Jonathan Rothberg, a DNA-sequencing pioneer who founded diagnostic testing company Detect in 2017, has invented a revolutionary, at-home Covid testing device that gives users results for $39 within an hour
A genius tech scientist who once won the National Medal of Technology and Innovation from President Barack Obama has invented a revolutionary, one-hour, at-home Covid testing device that gives users results with superior accuracy for $39 – from the comfort of a lab on his $55 million yacht.
Jonathan Rothberg, a DNA-sequencing pioneer who founded diagnostic testing company Detect in 2017, was barely one month into the pandemic when he decided to utilize his company’s tech to confront the then-looming coronavirus outbreak, riding out the pandemic in his superyacht The Gene Machine.
In March 2020, the Connecticut-based scientist converted a lab he had curated on the lavish boat dedicated to environmental studies to a one intended to tackle the rapidly spreading contagion, by creating a more accurate, efficient, and cost-means of testing for the virus from home.
Rothberg, 58, quickly raised $110 million from backers intrigued by his vision, and was able to hire a team of scientists and other staffers to aid in his crusade – all joining him on the 180-meter vessel.
Already captaining a formidable crew in the makeshift satellite office, also enlisted the help of Silicon Valley fixture Hugo Barra, the former vice president of Google’s Android faction and Meta’s virtual reality divisions, and established a more conventional headquarters in Connecticut, where many of the employees now work.
Soon enough, Rothberg’s company crafted a device consistent with the scientist’s vision, eponymously named Detect.
Detect’s testing kit utilizes molecular analysis technology to administer accurate test results, which users can access within an hour of an initial test. The hub, the large device to the left, costs $39, while the rest of the test supplies cost just $49
Rothberg came up with the idea for the Detect device while waiting out the pandemic in his $55 million, 180-foot yacht, the Gene Machine
The company promises that their creation offers much needed innovation to the current covid-testing climate, which has seen itself snarled by repeated instances of unreliable results, lengthy wait times, and astronomical costs.
The Rothberg-pioneered Detect device, however, may address these concerns.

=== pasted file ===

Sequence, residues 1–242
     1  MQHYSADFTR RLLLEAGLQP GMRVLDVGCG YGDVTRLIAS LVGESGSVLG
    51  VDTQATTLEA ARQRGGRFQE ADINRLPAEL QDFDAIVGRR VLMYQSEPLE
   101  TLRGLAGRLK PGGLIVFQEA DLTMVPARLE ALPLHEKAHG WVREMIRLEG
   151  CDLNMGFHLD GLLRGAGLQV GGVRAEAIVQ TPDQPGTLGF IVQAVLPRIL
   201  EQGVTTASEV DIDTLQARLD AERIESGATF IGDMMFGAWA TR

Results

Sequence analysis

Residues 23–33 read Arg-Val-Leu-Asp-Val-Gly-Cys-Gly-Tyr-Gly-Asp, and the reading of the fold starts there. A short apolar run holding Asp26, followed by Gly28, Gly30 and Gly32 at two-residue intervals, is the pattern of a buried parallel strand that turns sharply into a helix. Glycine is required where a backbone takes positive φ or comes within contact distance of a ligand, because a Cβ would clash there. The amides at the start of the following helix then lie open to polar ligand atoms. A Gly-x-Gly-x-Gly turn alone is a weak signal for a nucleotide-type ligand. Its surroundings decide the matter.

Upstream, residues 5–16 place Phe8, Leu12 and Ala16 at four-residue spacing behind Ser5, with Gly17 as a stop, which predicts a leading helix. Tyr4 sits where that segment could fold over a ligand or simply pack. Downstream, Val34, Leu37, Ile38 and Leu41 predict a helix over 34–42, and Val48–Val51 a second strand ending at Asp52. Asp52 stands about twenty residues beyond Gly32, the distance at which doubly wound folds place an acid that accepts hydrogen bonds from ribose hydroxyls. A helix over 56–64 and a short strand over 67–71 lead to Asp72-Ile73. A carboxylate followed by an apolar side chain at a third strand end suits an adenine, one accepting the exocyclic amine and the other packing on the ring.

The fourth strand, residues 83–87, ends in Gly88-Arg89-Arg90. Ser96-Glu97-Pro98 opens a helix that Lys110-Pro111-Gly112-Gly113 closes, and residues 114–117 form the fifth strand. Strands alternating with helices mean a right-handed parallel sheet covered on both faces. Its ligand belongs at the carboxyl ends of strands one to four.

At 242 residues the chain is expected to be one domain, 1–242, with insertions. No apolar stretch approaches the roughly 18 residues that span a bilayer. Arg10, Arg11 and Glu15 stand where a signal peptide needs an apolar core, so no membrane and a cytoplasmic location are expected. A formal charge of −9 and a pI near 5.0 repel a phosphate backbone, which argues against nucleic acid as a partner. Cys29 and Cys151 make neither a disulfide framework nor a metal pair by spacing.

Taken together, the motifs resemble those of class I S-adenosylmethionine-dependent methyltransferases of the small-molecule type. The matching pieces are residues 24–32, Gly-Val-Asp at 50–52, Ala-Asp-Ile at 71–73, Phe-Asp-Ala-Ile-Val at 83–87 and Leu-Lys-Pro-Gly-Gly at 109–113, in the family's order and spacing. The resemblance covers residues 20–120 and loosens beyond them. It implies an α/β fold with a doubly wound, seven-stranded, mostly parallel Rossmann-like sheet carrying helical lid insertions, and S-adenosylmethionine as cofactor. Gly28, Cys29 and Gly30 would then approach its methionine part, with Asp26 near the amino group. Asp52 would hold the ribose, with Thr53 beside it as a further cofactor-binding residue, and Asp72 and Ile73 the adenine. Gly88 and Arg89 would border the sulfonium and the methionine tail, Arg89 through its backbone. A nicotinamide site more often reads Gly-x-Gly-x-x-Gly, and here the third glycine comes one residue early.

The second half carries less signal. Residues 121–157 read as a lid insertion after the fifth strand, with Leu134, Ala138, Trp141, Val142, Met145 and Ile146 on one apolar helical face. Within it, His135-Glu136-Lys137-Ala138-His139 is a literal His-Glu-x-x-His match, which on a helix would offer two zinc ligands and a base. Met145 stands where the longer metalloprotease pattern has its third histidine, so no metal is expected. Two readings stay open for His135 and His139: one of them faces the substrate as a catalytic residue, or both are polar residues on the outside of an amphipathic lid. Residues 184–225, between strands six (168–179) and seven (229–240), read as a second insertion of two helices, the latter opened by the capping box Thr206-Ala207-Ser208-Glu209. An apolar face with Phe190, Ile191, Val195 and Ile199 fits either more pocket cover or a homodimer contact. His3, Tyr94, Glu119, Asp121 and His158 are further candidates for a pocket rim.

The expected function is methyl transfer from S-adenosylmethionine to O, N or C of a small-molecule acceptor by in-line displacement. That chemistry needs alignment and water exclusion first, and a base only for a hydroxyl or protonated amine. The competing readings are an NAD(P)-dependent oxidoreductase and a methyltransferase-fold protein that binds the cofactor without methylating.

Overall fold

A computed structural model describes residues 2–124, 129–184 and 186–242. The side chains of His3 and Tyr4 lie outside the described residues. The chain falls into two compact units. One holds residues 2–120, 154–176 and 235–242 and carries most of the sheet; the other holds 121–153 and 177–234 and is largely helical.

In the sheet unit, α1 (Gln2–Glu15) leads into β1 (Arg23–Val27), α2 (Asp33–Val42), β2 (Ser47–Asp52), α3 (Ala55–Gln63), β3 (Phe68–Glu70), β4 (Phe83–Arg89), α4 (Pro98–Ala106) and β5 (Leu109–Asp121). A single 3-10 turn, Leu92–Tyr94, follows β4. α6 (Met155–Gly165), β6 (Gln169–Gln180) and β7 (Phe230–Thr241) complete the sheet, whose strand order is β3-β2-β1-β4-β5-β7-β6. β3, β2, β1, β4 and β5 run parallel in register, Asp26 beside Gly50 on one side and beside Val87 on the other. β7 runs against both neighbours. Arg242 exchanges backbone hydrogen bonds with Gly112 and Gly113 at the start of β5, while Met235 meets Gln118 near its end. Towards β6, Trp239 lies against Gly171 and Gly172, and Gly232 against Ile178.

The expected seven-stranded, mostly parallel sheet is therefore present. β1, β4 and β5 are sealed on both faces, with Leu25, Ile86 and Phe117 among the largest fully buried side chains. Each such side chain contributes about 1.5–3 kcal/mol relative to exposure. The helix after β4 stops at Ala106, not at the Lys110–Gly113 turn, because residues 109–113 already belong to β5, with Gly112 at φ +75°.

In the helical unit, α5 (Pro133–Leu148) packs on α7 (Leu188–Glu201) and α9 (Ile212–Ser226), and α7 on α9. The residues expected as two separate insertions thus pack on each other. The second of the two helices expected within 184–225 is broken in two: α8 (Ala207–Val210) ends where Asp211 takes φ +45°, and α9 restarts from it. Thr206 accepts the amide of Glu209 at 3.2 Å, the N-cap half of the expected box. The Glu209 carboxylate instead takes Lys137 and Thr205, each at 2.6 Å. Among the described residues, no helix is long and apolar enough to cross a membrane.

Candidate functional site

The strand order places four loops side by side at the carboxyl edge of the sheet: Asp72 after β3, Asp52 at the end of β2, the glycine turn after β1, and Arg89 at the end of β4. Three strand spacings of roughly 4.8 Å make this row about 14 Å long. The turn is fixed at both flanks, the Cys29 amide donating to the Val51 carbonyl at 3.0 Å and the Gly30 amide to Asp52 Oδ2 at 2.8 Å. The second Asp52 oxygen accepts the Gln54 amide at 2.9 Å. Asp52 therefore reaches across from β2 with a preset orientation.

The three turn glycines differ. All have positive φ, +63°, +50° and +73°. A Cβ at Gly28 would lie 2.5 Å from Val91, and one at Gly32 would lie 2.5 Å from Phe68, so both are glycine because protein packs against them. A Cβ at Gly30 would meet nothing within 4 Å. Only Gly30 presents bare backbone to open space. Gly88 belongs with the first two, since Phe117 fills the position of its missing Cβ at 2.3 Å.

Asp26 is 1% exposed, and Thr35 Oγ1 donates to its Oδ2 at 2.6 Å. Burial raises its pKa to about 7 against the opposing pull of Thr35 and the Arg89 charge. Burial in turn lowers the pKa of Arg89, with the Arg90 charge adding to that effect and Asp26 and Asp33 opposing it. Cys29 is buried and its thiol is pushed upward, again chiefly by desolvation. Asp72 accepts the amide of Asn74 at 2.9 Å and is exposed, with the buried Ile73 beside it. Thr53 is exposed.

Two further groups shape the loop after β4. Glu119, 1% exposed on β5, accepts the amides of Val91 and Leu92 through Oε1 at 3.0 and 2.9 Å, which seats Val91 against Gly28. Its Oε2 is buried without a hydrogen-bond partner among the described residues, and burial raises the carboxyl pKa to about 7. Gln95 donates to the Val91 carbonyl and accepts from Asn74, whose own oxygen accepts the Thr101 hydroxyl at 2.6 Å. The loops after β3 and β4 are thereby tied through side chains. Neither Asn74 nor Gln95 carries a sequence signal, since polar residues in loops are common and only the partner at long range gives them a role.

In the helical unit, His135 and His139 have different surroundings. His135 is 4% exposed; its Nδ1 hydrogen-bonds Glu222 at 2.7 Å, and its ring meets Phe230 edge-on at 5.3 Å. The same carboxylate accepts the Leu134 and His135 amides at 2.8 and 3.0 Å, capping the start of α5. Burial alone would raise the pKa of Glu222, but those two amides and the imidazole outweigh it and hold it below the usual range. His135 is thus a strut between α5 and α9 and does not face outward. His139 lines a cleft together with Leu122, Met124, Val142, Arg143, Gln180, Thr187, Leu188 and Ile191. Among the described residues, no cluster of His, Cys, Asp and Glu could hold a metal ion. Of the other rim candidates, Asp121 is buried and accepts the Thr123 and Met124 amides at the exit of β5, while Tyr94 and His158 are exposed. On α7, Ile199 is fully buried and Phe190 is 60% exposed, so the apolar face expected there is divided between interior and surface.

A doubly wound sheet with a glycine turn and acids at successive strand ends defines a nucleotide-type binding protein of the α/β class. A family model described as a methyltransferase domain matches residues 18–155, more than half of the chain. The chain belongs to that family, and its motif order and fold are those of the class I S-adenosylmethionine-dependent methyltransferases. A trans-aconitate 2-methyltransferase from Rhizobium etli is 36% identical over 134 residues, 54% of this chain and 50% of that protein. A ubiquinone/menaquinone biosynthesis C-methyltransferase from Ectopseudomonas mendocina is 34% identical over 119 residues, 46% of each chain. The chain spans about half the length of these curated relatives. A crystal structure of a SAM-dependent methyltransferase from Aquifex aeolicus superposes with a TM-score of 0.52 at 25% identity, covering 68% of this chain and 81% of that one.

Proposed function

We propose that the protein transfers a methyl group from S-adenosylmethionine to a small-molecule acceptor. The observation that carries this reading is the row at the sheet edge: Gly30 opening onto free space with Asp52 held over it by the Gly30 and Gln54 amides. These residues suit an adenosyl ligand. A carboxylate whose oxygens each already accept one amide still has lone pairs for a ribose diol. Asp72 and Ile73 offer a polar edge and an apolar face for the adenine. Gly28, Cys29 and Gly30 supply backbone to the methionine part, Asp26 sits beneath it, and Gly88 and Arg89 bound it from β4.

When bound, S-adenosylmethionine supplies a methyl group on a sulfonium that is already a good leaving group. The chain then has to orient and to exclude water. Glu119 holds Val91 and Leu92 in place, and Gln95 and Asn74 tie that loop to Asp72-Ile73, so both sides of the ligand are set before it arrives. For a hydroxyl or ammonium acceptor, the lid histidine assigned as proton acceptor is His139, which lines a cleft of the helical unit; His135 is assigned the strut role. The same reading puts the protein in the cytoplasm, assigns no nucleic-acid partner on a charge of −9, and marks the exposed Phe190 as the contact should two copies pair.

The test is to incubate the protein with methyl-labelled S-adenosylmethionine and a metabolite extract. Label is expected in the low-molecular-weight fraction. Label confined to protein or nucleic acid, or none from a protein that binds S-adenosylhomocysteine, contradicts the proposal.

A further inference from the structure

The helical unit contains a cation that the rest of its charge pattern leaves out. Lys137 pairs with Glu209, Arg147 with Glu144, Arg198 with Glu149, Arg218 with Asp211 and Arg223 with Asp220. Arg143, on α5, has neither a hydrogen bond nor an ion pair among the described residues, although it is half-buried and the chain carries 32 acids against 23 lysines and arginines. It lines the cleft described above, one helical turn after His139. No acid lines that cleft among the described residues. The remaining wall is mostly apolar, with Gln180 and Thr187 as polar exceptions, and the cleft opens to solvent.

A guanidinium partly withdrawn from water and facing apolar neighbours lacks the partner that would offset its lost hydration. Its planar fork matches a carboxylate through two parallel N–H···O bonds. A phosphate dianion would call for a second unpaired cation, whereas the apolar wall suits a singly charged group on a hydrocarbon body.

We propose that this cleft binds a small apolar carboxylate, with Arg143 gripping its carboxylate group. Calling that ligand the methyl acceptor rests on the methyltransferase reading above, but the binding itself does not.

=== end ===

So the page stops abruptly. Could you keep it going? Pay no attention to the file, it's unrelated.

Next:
An at-home covid test, Detect uses the advanced tool of molecular analysis instead of the more common – and oft-unreliable – antigen method.
Recently released to the market last week after receiving emergency authorization from the Food and Drug Administration, a Detect test can be bought on the company’s website for $75, for a pack that includes an electronic ‘hub’ used to read users’ Detect swab samples, as well as one individual Covid test.
When purchased piecemeal, however, a hub is just $39, whereas a singular Detect Covid test used in conjunction with the machine costs a further $49. The company has already become a victim of its own success, with tests selling out on its website. It says supplies will be replenished at midday EST on December 26.
Setting anchor in St. Barts for the holidays, Rothberg says he is still working relentlessly on the revolutionary tech, as the new threats of the Omicron and Delta variants of the virus now loom.
Christmas Eve saw total Covid infections edge closer to the all-time record with 261,339 new cases, up 10 per cent from Thursday, according to figures from Johns Hopkins University published Friday.
The Detect hub and Covid test went on sale last week after receiving a stamp of approval from the Food and Drug Administration
He adds that he hopes to eventually see a day where consumers can test themselves at home for any malady, whether it be the flu or asexually transmitted diseases, effectively reshaping how doctors and scientists across the nation administer medical tests.
‘The world has completely changed,’ Rothberg remarked to The Washington Post Friday.
‘We have telemedicine now. People are taking control of their health. They don’t want to go to a lab and wait a week to get a test back. And they don’t have to.’
Meanwhile, publicly traded biomed firm also recently released a similar at-home covid test that also uses molecular analysis, and sees users get results within a half-hour later. Results are analyzed by Cue’s software and automatically sent to the user’s phone.
Detect, on the other hand, offers users results with an hour.
Rothberg, 58, was awarded the National Medal of Technology and Innovation by President Barack Obama in 2016 for his contributions to the field of biotechnology
With that said, Detect’s testing kit and supplies are decidedly cheaper, with Cue readers costing $249, and a three-pack of Cue COVID tests running $225. A more premium option for users that offers full-time access to a doctor by videolink, meanwhile, costs an extra $50 to $90 per month.
Cue tests are commonly used by professional sports leagues like the NBA and MLB to test their athletes for Covid.
While more costly than a conventional test, both Detect’s and Cue’s technology is extremely accurate, and can be utilized from the comfort of one’s own home.
With that said, the costs incurred by using at-home molecular tests are currently not covered by insurance. However, Rothberg says he expects Detect’s price to drop once the company’s scale increases.
Currently, Rothberg says his firm is producing tens of thousands of tests each week, with aspirations to soon reach into the millions.
‘You can do all this Googling at home, but you can’t get a good test,’ he said. ‘It shouldn’t be that way.’